Friday, May 08, 2009

DRC News Update: Amnesty Passed for Illegal Armed Groups; Goma Threatened With Volcano

May 8, 2009
World Briefing | Africa

Congo: Amnesty Passed for Illegal Armed Groups


Lawmakers in the Democratic Republic of Congo passed a law creating an amnesty for nearly two dozen illegal armed groups as part of a peace deal meant to end fighting in the violence-ravaged east. The law, which pardons acts of war and insurgency and was passed late on Wednesday, applies to homegrown rebels and militias in North and South Kivu Provinces, where one million people have been displaced by fighting since late 2006.

“We want to open new paths to peace in our country,” Lambert Mende, the information minister, said Thursday. Mr. Mende said the renegade general Laurent Nkunda, the founder of the Tutsi-dominated National Congress for the Defense of the People, would not be included in the amnesty. Mr. Nkunda is accused of committing war crimes.

DRC-RWANDA: Volcanic activity "threatens Goma"

Destruction was wrought by the volcano near Goma in 2002
Specialists fear it could erupt again soon

KIGALI, 7 May 2009 (IRIN) - Recent volcanic activity in the Nyiragongo and Nyamulagira peaks in North Kivu Province of the Democratic Republic of Congo (DRC) has triggered fears that the 600,000 people in Goma could be under threat, according to specialists.

Dieudonne Wafula, head of Goma’s Volcanological Observatory, told IRIN on 7 May that the two volcanoes had shown early warnings of eruption.

"The volcanoes could erupt any time; it could be in two days, or a week or two but not later than two months from now," Wafula said, adding that the most at-risk areas were villages east of Nyamulagira.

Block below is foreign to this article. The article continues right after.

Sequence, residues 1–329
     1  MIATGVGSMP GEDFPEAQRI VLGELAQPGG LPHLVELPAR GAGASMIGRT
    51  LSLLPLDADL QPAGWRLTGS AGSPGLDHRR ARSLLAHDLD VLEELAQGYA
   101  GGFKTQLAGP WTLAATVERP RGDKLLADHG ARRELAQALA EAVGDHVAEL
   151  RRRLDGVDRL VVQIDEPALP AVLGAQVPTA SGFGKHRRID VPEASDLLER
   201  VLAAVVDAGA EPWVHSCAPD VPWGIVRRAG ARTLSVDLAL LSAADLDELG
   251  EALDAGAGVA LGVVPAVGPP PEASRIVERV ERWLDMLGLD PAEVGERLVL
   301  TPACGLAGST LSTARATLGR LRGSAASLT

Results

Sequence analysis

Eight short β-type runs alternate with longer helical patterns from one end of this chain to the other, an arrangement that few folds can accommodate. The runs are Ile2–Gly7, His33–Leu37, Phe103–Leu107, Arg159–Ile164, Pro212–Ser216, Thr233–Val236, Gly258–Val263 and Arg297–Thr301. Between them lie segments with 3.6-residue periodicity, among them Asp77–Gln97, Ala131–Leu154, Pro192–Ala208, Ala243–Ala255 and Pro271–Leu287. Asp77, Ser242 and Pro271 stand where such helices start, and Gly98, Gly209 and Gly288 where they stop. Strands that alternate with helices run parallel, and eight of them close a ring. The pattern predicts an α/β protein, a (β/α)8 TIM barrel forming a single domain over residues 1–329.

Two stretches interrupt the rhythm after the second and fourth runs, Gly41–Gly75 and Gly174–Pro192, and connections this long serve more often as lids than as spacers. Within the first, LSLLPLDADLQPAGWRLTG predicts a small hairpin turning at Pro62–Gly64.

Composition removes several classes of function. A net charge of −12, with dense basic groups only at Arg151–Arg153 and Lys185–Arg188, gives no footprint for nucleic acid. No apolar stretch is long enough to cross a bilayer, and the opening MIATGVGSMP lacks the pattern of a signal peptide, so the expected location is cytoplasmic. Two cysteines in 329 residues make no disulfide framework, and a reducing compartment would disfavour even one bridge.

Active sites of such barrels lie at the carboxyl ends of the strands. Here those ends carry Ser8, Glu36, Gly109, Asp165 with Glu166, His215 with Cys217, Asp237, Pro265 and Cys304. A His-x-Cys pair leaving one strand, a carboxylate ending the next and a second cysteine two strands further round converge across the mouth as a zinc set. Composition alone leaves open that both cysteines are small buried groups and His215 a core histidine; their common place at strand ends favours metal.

Wafula added that Goma, the provincial capital, could also be under threat if Nyiragongo erupts. However, he said, the lava levels in Nyiragongo were low and would not be expected to cause extensive damage to the city, whose population has been swelling in the past few years, fuelled mainly by the mineral trade as well as renewed fighting in rural areas of North Kivu.

Mt Nyiragongo last erupted in 2002, spilling lava into Goma and displacing at least 400,000 people. Infrastructure worth millions of dollars was also destroyed.

An estimated two million people who live around Lake Kivu, which straddles the DRC and Rwanda, are also at risk of pollution from the airborne ash, which is usually triggered by a volcanic eruption. Wafula said this was likely to contaminate drinking water, poison livestock and disrupt air traffic.

According to the UN Environmental Programme (UNEP), there is a mass of methane gas under the base of Lake Kivu and a volcanic eruption could release a lethal cloud of carbon dioxide from the lake, which could be disastrous for surrounding communities.

UNEP has in the past warned that rising water temperatures could ignite the methane, forcing it to explode. Methane can release deadly gases, which are a threat to human life, fish and livestock.

Gas power

Rwanda has on several occasions tried to extract the gas to neutralise the “killer lake”.

In March, Rwanda signed a US$325 million agreement with the US-based energy firm Contour Global to extract the gas and generate up to 100 megawatts of power for itself as well as neighbouring countries.

According to Wafula, the Goma Observatory has already informed aid agencies to prepare for possible evacuation and to provide assistance for people likely to be affected.

Zebe Kitabingo, head of the local chapter of the Congolese Red Cross, said in a statement in April that volunteers were on alert to help the population.

However, according to Wafula, no evacuation has so far taken place.

Cheikh Diouf, the UN security adviser in the region, could not give an immediate comment on the possible volcanic eruption.

Report can be found online at:
This report does not necessarily reflect the views of the Pan-African News Wire

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